Authorities recovered the audio from Khashoggi's iPhone and his iCloud account, the newspaper said. The journalist had given his phones to his fiancée before entering the consulate.

The newspaper also alleged Saudi officials tried to delete the recordings first by incorrectly guessing Khashoggi's PIN on the watch, then later using the journalist's finger. However, Apple Watches do not have a fingerprint ID unlock function like iPhones. The newspaper did not address that in its report.

An Apple Watch can record audio and can sync that later with an iPhone over a Bluetooth connection if it is close by. The newspaper's account did not elaborate on how the Apple Watch synced that information to both the phone and Khashoggi's iCloud account.

Turkish officials have not answered queries from The Associated Press about Khashoggi's Apple Watch.

Turkish officials say they believe a 15-member Saudi "assassination squad" killed Khashoggi at the consulate. They've also alleged that they have video of the slaying, but not explained how they have it.

Turkey may be trying to protect its intelligence sources through leaking this way, analysts say.

Jamal Khashoggi hasn't been seen since entering the Saudi embassy in Istanbul. Source: BBC

"Under normal circumstances, intelligence services would want to protect their sources, whether human or technical," Carrie Cordero, a senior fellow at the Washington-based Center for a New American Security, wrote recently. She formerly worked on intelligence matters for the US government.

She added: "The Turkish government may need to reveal sources it does not want to reveal if the Saudi Arabian government continues to deny involvement despite evidence Turkey has in its possession."

Saudi Arabia has said it had nothing to do with Khashoggi's disappearance, without explaining or offering evidence of how the writer left the consulate and disappeared into Istanbul with his fiancée waiting outside.

A Saudi-owned satellite news channel has begun referring to the 15-man team as "tourists," without providing evidence to support the claim. It echoes how Russia has described the men who allegedly carried out the Novichok nerve agent poisonings in Salisbury, England, in March.

Early on Saturday, the state-run Saudi Press Agency published a statement from Saudi Interior Minister Prince Abdulaziz bin Saud again denying the kingdom's involvement. This time, however, it acknowledged for the first time that Saudi Arabia was accused of killing Khashoggi.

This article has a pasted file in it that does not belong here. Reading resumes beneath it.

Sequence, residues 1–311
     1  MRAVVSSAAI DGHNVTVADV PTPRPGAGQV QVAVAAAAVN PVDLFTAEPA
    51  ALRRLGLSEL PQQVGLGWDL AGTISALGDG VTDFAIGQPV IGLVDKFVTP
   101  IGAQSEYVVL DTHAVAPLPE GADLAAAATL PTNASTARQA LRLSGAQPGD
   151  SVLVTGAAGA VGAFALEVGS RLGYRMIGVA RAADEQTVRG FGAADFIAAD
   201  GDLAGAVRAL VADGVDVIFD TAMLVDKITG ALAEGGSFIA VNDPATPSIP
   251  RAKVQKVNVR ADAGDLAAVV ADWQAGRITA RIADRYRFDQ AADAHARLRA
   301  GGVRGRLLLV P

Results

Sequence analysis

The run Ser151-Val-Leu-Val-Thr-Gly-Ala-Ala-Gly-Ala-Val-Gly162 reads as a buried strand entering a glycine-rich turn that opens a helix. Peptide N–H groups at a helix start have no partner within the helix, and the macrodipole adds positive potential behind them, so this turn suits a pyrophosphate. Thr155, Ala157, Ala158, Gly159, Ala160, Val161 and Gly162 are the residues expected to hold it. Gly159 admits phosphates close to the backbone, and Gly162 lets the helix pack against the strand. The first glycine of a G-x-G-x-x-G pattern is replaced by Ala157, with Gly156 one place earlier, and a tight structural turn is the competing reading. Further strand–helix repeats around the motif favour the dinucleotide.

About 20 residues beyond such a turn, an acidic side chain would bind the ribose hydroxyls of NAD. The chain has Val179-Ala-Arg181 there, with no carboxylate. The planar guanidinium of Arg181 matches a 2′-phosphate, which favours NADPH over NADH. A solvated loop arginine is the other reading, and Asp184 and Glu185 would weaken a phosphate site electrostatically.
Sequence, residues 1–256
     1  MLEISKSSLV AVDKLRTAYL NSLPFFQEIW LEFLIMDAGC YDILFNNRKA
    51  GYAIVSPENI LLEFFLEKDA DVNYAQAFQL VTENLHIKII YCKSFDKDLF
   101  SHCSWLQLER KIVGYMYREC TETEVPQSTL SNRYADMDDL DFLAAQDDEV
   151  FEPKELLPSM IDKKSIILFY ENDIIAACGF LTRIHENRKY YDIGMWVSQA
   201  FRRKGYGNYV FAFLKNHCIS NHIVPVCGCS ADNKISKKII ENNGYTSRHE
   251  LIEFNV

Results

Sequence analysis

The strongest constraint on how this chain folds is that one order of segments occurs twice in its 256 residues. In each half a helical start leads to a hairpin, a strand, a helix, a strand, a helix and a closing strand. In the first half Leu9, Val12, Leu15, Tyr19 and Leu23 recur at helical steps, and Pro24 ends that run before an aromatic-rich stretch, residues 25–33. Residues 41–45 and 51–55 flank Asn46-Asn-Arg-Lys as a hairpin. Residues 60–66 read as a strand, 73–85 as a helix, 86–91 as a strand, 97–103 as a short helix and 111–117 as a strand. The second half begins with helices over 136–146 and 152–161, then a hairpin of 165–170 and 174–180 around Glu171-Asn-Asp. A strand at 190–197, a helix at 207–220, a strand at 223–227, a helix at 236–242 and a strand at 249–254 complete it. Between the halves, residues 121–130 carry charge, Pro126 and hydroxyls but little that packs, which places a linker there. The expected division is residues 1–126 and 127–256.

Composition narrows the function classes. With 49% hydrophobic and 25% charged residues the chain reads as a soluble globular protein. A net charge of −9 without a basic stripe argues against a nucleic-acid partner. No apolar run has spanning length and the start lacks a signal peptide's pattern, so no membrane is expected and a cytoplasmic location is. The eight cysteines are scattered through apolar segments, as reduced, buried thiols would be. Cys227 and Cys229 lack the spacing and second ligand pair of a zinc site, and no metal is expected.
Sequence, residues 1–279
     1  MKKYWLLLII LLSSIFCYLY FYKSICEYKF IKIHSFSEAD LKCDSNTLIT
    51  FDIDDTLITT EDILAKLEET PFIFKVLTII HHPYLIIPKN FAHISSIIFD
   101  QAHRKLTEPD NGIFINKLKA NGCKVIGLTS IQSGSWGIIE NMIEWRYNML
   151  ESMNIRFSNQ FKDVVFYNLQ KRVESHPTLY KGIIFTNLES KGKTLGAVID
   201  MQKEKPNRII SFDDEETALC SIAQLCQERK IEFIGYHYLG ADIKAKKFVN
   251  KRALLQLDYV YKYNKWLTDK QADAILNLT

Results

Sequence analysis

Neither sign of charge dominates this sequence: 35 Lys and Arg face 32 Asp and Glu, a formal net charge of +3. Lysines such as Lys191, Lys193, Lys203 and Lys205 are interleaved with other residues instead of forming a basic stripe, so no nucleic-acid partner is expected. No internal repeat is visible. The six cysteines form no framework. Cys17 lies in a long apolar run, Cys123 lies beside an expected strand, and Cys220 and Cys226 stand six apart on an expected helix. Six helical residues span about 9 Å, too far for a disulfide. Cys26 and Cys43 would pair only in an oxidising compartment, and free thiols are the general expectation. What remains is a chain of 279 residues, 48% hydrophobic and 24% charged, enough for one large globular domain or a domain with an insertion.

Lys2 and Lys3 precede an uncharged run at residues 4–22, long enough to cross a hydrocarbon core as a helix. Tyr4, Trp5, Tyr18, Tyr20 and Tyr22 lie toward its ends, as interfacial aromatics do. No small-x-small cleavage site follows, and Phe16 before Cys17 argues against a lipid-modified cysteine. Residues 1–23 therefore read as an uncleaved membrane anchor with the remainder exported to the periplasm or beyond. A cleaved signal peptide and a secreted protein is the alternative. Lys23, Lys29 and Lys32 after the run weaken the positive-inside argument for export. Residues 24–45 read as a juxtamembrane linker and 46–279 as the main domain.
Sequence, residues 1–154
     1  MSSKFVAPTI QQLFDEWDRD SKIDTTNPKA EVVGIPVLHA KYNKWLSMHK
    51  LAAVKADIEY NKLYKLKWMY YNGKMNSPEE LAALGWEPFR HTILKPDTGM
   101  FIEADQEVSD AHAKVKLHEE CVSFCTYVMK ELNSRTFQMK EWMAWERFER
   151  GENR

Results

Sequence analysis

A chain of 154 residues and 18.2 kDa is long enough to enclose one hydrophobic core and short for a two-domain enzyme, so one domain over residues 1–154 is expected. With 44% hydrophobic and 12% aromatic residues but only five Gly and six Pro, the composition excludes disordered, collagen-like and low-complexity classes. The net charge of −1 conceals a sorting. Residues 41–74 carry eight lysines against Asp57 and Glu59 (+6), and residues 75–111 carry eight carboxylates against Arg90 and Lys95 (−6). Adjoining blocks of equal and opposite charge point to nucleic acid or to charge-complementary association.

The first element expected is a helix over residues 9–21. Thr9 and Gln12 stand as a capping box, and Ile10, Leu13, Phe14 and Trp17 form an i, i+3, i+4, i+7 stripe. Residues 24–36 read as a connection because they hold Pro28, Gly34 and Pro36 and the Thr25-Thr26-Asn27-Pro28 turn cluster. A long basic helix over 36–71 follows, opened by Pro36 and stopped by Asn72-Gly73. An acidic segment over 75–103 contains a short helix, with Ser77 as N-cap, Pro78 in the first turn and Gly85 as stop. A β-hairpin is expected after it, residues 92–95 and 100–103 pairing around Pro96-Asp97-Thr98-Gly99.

"What has been circulating about orders to kill (Khashoggi) are lies and baseless allegations against the government of the kingdom, which is committed to its principles, rules and traditions and is in compliance with international laws and conventions," Prince Abdulaziz said.

Omer Celik, a spokesman for Erdogan's ruling Justice and Development Party, said that Khashoggi's disappearance will be "investigated strongly." A delegation from Saudi Arabia arrived in Turkey on Friday as part of a joint investigation into the writer's disappearance.

"Such an act is an attack on all the values of the democratic world. It's an act that will never be forgiven or covered up," he said. "This is not an act that Turkey would ever consider legitimate. If there are people who committed this, it will have heavy consequences."

However, Turkey's Foreign Minister Mevlut Cavusoglu said Saudi Arabia had not yet cooperated with Turkey on the search for Khashoggi. He said Turkish "prosecutors and technical friends must enter" the consulate "and Saudi Arabia must cooperate with us on this."

Earlier in the week, Saudi Arabia had said it would open the consulate for a search but that is yet to happen. Cavusoglu said Turkey would share information with Saudi Arabia in the "joint working group" but stressed the Turkish investigation would continue separately.

Khashoggi's disappearance has put pressure on President Donald Trump, who has enjoyed close relations with the Saudis since entering office. Trump has promised to personally call Saudi Arabia's King Salman soon about "the terrible situation in Turkey."

Speaking to CBS' "60 Minutes" in an interview to be aired today, Trump said of the Saudis: "They deny it. They deny it every way you can imagine."

However, Trump also said: "Could it be them? Yes."

Separately, Secretary of State Mike Pompeo spoke to Khashoggi's fiancee, Hatice Cengiz, who accompanied him to the Saudi consulate, the State Department said Friday. No details of the conversation were released.